• Does it look a bit like the Mafia from the outside? That is entirely tongue in cheek! We need to be careful I think, that "one big family" does not exclude new people. It can feel a bit "in house" to those outside. It is possible to get very comfortable within Newfrontiers and does that cause our relationships with other Church groups to stagnate? We have all we need "in house" so why bother? I am not saying that happens, I am saying it is a potential pitfall. If we only do our training, go to our conferences and preach in our Churches then are we only part of our body of Christ or the body of Christ?

  • Do people actually need to be "friends" first? Does that mean we only work with people we are "comfortable" with? Some of the most exciting and dynamic teams have people who are very different working together. Would we ever get to that stage if it was "all about relationship" because that "relationship" is only ever going to be built up by working together and we won't necessarily choose to work together because we don't have relationship? Is that a vicious circle? Do we end up pooling similar people and not celebrating diversity because of the cost of building friendship across cultural / personality / demographic factors?
  • Oops, I thought of a sixth! When it goes wrong, if there are differing views, if there is an issue that causes a divergence in the future, then it is all the more painful because relationships were close. Especially when it feels like people you thought were "friends" turn against you. That is the criticism I hear from people who have left Newfrontiers. Closeness is a double edged sword, expectations are higher. On the one hand lots of things can be sorted out via friendship rather than committees and tribunals. On the other hand if things reach the point of no return in a situation everyone feels let down by each other and that is painful.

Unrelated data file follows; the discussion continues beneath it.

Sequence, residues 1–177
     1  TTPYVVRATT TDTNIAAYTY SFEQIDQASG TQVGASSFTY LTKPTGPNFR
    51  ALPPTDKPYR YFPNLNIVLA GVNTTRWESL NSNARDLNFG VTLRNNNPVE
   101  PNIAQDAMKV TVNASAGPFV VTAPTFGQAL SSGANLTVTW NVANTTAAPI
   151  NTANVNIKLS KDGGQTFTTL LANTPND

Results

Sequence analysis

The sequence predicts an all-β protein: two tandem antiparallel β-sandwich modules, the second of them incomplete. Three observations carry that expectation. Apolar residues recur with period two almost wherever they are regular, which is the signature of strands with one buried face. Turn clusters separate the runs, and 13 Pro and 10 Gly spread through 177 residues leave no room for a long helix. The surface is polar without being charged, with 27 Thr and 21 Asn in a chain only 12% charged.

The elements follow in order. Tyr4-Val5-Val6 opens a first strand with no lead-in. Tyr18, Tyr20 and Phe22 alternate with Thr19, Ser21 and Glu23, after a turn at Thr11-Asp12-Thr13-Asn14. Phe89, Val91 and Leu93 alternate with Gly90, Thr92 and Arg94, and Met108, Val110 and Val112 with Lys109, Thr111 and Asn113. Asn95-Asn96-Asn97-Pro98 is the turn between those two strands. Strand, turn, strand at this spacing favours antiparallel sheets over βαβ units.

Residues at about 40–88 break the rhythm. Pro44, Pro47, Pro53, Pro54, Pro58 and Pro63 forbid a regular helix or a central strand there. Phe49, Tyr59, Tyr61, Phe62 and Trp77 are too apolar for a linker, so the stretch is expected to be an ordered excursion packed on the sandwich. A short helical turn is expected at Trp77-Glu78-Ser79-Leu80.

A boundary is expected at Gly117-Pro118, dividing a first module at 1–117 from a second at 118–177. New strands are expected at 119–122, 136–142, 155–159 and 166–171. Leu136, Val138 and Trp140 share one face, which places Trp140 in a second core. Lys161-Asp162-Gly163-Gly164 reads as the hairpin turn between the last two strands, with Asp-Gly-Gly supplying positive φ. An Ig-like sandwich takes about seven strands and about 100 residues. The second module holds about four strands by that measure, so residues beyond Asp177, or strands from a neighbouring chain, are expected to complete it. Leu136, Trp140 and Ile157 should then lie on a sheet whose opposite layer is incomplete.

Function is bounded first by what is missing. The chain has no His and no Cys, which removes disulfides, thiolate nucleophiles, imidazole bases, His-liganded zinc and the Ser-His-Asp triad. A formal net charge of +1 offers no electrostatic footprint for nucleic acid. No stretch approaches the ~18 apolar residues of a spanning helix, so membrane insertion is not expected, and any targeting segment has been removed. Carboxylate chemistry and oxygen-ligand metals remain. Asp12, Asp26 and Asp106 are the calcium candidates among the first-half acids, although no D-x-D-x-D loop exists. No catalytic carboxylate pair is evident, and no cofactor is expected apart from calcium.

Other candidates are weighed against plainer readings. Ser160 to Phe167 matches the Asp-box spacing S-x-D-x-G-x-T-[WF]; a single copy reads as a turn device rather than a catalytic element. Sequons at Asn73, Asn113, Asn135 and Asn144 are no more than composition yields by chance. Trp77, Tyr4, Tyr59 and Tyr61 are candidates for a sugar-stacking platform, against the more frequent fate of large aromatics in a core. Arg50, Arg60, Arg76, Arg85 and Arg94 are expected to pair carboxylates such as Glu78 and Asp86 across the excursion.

I don't think any of these are majorly prevalent issues we face, but I do think it is good to discuss the way some of these processes work. I am thoroughly blessed to be part of a movement of Churches which is "all about relationship" but I thought it was worth raising some of the potential issues.

Friday, 15 May 2009

It is all about relationship! POSITIVES

That is almost a motto for newfrontiers.

Who we work with regionally is not just about geography, rather "it is all about relationship"

Who oversees a Church is not determined by a random decision from above, rather "it is all about relationship"

The make up of Church, small groups, team ministry, eldership teams, is "all about relationship".

Last weekend I was talking to my friend Dom and he used the exact expression, "It is all about relationship", and it got me thinking: is it? I mean really, is it? Is it always a good thing?

There are lots of positives. Here are a quick five.

5 positive outcomes of being "all about relationship"
  • People are beings, not roles or structures, but beings.
  • Working together is not based on systems or hierarchy but on mutual respect and love.
  • Permission is not demanded by "the system" but given by the friend.
  • Decisions from "above" are rarely out of touch because people remain close to the action. If you are genuinely friends with those on the frontline, the ivory tower does not insulate you from reality.
  • Loyalty is earned not demanded. Respect is shared not faked. Unity is developed not imposed.
Being "all about relationship" is a major factor why I love newfrontiers. I love the people. I can use the term "we" not as a company salesperson who "represents" an institution but "we" as in being part of a group of friends.

In turn Martin Charlesworth says "we" amongst us, as he represents another group of friends, the UK regional leaders. One stage past a group of friends (National team, I know 4 of them personally) is our regional team. We meet fortnightly for worship and prayer, with twenty or so friends representing 7 churches. Then our eldership team meets weekly, the three of us. So from the "top" of the system to me, on the frontline, there are three groups of friends, and I am part of two of them.

Maybe it really is "all about relationship"?

Thursday, 14 May 2009